Posted on October 31st, 2008
42nd Street Photo has been one of New York’s most trusted digital camera stores for over 40 years now. The biggest reasons to shop Christmas with us though, are our great prices! If you’re looking for a high quality digital camera that’s easy to use – be sure to look at the Casio EX-S10 . It’s on sale right now for $219.99! It will make a great gift for that loved one who’s looking to take better pictures.
If your loved one has an interest in photography and wants the camera that does everything, they might want the Nikon D300. The D300 is one of Nikon’s top of the line 12.3 megapixel cameras. There are very few digital SLR’s on the market that capture stunning images like these. Visit our store for more Christmas bargains!
Posted on October 14th, 2008
We all know that sharing digital image captures is easy through email, blogs, and photo sharing websites such as Flickr! However, printing your images to share with family, or stick into a photo album, can prove to be a bit more difficult of a task. Either you need a good printer, or you need to spend a little extra to have them printed professionally.
If you’re one of those that likes to have a lot of pictures to pass around, you may want to think about investing in the Epson R2880. Not only does Epson have a good reputation, but their hardware is consistantly improving. The R2880 does photo printing right, which is due in large part to the 8 cartridges of UltraChrome K3 inks. In other words, the transitions between colors on most printers can change from matte to shiny in appearance, especially in blacks – but the R2880 maintains consistancy between shades.
In addition to the improvement in the ink, the particular algorithm used to translate the colors from screen to print was developed in conjunction with the Rochester Institute of Technology. This translation is known as Radiance technology, which is unique to Epson. When compared to other inkjet printers, the difference is as noticable as the bands that others will create between colors. Also, black and white prints come out astoundingly close to the appearance of traditionally developed black and white photography.
Here at 42nd Street Photo, we want you to get the most out of your digital photos, which is another reason we created this blog. To learn more about the Epson R2880, check out the official Epson website, and to learn more about us, check out 42photo.com.
Posted on October 3rd, 2008
It may come as a surprise to some of you that knowing how to use a digital camera is just the beginning. Still, to some, it may be common sense – don’t feel bad if you are of the former, as there is enough technology to force even the most savvy consumer to turn their head 360 degrees. Sure, the digital age is moving faster than ever, but that doesn’t mean that the staff at 42nd Street Photo need a crash course – they know digital like you know your own children.
So, what about this whole HDTV thing? Obviously, many of us are taking the neccessary steps to ensure we don’t get stuck without our digital converter box for broadcast television, come February 17, 2009. But how many of us know about other areas of compatibility? This one area of which we speak, is of course, the compatibility between your digital photos and your HDTV.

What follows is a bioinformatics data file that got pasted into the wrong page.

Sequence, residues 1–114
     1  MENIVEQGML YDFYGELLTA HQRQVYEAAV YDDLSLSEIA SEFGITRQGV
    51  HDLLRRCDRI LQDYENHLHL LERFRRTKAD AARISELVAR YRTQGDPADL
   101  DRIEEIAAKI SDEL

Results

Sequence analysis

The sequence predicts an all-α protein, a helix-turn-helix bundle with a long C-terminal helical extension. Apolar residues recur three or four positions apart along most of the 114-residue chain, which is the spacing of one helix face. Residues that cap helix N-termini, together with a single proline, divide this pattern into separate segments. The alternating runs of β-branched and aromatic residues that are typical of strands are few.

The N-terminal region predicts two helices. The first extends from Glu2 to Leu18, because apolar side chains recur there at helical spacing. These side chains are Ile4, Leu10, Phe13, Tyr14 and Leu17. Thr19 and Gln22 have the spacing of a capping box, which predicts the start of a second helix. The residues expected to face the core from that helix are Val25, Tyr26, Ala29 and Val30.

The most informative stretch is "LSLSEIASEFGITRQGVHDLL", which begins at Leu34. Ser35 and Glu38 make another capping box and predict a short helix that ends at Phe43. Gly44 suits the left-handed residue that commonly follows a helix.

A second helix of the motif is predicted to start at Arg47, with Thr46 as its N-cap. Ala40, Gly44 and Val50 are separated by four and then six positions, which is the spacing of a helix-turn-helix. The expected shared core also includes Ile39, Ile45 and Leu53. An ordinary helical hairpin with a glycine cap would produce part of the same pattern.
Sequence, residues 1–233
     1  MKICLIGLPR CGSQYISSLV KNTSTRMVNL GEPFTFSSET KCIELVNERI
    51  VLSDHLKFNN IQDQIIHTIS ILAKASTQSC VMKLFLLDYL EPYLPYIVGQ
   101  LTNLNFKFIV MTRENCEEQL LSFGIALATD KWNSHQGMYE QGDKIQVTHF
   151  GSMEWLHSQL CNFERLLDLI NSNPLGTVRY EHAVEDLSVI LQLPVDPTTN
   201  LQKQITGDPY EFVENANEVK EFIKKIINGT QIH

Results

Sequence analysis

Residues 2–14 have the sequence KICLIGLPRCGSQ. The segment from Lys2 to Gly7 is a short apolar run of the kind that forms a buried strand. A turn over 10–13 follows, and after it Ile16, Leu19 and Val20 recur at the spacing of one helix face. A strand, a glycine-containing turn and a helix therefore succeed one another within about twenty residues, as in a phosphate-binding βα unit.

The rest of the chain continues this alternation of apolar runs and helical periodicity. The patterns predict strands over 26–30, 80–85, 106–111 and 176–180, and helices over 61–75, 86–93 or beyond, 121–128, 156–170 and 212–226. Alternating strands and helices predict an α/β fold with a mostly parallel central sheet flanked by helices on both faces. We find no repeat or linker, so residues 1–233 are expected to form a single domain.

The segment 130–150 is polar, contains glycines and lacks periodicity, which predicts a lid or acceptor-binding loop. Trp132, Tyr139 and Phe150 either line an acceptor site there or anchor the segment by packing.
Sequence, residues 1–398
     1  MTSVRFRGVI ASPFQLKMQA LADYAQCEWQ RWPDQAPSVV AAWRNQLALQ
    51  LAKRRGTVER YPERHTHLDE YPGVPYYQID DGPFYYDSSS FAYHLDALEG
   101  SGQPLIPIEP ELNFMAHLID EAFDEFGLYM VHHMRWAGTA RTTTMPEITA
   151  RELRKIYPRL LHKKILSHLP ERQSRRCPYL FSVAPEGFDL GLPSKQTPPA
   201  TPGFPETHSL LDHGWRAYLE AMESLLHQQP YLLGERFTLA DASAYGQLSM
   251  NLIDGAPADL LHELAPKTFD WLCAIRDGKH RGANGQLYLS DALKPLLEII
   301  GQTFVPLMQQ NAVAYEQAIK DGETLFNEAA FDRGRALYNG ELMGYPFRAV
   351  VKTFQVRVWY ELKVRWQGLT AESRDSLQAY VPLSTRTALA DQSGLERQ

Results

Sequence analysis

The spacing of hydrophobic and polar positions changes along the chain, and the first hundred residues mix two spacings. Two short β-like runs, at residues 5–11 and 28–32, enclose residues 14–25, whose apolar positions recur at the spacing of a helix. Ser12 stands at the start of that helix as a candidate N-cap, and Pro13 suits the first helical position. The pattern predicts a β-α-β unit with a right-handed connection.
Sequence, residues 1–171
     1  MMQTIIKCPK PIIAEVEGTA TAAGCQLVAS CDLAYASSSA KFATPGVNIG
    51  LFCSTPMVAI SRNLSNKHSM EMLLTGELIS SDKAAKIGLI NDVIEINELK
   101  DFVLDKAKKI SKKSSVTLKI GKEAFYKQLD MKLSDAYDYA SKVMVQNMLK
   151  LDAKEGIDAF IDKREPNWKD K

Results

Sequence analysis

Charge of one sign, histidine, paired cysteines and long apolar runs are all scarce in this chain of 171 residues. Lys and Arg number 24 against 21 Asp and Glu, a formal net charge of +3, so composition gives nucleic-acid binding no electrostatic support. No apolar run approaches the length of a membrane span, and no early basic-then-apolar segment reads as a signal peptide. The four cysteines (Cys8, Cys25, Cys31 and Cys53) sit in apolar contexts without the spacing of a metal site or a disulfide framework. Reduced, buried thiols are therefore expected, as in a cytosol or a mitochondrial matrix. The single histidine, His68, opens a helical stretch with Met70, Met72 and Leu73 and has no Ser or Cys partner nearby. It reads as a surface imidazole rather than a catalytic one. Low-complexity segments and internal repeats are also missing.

Wait, you don’t have an HDTV, you say? Well, then you may want to consider it.
While the purchase of a high definition, flat screen television is not neccessarily a must, there are many advantages to owning one, including a great way to view your digital photos. Many models are now built with SD card slots, and if you’re one of those “always prepared” digital photographers, you more than likely use SD cards as your preferred storage device for images captured with your digital camera of choice. This is good.
As of now, the highest resolution available for an HDTV is 1920×1080 pixels, and most DSLR cameras can capture better resolution images than that. Furthermore, if you decide to purchase one of the more modestly sized HDTV’s, you will get around a 1280×720 pixel resolution. Either way, there is little to no concern for the images not displaying well on an HDTV.
Before you begin wondering why the best resoultion HDTV’s have a lower pixel count than many digital cameras, consider the fact that larger images require more memory, so all your images can be taken at (or resized down to) your televisions resolution for the best compatibility. Unless you’re shooting photos for a magazine, newspaper, or other print media, there is no need to capture your images at the highest resolution your camera offers, nor is there a need at present for an HDTV to display as many pixels, since pixels displayed on a screen are displayed differently from pixels printed on paper. SO, what does this mean? It means your images will look better at the same resolution as your HDTV than they will at a larger resolution, and it also means you have a lot more room to store images.
But, in case you are still hung up the HDTV peak at 1920×1080 resolution, let us educated you as to why. While some would debate this fact (probably those with eagle eyes), that particular resolution is best viewed at a distance from the television equal to, or greater than, twice the height of the screen. If they were to squeeze any more pixels into the screen, there would be no significant difference in the quality you view at that distance. So why pay more for resolution you’re not going to be able to appreciate?
A lot of times, we need to sit back and enjoy the digital age, instead of pushing for more memory, better resolution, faster processors. Digital is moving fast enough as it is – we don’t need to speed it up, we need to enjoy it, and with an HDTV, you’ll have a whole new way to enjoy your digital photos.